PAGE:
Such alternative grounds do exist. On the same day the Court issued its ruling inSchrems, Vera Jourová, European Commissioner for Justice, Consumers and Gender Equality, referred to “standard data protection clauses in contracts”, “binding corporate rules for transfers within a corporate group”, “performance of a contract”, important public interest grounds such as co-operation between authorities in the fight against fraud cartels, the vital interest of the data subject, or – if none of the above is available – “the free and informed consent of the individual”.

However, it is significantly more difficult to rely on any of these grounds than it was to rely on the now defunct Safe Harbor. Some of the grounds, like “the vital interest of the data subject” or “important public interest”, are rarely applicable. Obtaining the data subject’s consent to the transfer of his or her personal data is in principle always an option. Obtaining such consent is, however, a challenge. Not every data subject is willing to provide his or her consent to the transfer of the personal data to the United States, and the person can always revoke the consent. The consent must be obtained from each data subject individually, often in writing. There is also a tendency among the DPAs in Europe to not consider consent at workplace as freely given, due to the huge imbalance in the negotiating powers of the data controller (employer) and the data subject (employee).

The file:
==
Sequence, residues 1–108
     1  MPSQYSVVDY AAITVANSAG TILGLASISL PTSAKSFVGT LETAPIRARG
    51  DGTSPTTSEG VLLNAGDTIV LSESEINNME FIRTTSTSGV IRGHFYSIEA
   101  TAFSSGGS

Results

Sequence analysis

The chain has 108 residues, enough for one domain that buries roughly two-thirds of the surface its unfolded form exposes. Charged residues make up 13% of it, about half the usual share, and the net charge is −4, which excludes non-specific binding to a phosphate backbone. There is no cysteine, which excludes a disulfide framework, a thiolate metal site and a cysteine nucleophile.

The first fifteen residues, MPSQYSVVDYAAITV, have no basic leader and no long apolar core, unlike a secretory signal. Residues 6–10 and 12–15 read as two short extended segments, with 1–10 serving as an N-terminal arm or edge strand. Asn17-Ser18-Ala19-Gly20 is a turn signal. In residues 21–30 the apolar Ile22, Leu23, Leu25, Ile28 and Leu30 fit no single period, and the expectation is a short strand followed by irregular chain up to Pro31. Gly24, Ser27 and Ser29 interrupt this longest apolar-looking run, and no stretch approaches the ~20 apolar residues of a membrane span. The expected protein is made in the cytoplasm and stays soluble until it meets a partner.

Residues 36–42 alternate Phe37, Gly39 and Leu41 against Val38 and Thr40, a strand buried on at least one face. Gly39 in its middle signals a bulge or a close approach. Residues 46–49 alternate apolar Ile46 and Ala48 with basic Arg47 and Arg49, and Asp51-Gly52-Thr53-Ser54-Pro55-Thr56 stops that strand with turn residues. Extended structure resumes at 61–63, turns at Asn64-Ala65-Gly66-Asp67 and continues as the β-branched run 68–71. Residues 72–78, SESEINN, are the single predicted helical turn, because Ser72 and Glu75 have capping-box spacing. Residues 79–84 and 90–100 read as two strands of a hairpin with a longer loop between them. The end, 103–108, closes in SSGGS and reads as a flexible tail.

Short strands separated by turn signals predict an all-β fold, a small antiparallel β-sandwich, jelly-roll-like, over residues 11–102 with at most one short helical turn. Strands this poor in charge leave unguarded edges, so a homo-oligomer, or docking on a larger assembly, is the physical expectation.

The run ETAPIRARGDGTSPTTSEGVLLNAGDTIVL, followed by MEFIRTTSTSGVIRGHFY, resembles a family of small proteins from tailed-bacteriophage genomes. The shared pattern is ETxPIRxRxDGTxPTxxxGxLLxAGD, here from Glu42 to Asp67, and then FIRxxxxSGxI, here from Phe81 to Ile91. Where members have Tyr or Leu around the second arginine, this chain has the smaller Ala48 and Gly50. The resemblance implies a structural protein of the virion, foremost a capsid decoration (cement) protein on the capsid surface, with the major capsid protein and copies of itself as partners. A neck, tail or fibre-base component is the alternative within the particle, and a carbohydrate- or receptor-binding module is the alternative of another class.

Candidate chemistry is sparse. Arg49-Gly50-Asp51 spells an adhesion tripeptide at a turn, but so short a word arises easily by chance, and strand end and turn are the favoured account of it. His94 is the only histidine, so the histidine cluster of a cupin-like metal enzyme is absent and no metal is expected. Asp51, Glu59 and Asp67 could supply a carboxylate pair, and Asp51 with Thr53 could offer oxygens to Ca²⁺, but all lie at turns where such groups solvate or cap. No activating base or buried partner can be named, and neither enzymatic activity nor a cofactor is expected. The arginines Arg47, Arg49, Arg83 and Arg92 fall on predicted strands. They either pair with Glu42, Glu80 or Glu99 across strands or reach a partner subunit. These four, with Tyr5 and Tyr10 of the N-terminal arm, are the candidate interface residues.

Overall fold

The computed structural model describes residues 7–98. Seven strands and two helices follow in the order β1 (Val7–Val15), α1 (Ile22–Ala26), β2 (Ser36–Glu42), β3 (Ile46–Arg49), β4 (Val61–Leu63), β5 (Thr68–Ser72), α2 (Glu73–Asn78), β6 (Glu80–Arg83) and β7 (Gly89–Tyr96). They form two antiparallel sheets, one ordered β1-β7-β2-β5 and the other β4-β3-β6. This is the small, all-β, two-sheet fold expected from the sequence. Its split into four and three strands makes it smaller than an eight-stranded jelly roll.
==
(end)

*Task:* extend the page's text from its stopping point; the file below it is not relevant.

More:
The two potential alternatives most talked-about in the wake of the Schrem judgment are the so-called binding corporate rules (BCRs) and standard contractual clauses (SCCs). 

  • BCRs are codes of practice adopted internally by multinational corporations. Their purpose is to allow a transfer of personal data from the European Economic Area (EEA) (E.U. Member States, Iceland, Liechtenstein, and Norway) to the affiliates located elsewhere. For BCRs to be effective, the national DPAs of all EEA countries in which the corporation is present must approve of the rules, which they will do if the rules provide adequate safeguards with respect to the protection of privacy and fundamental rights and freedoms of data subjects.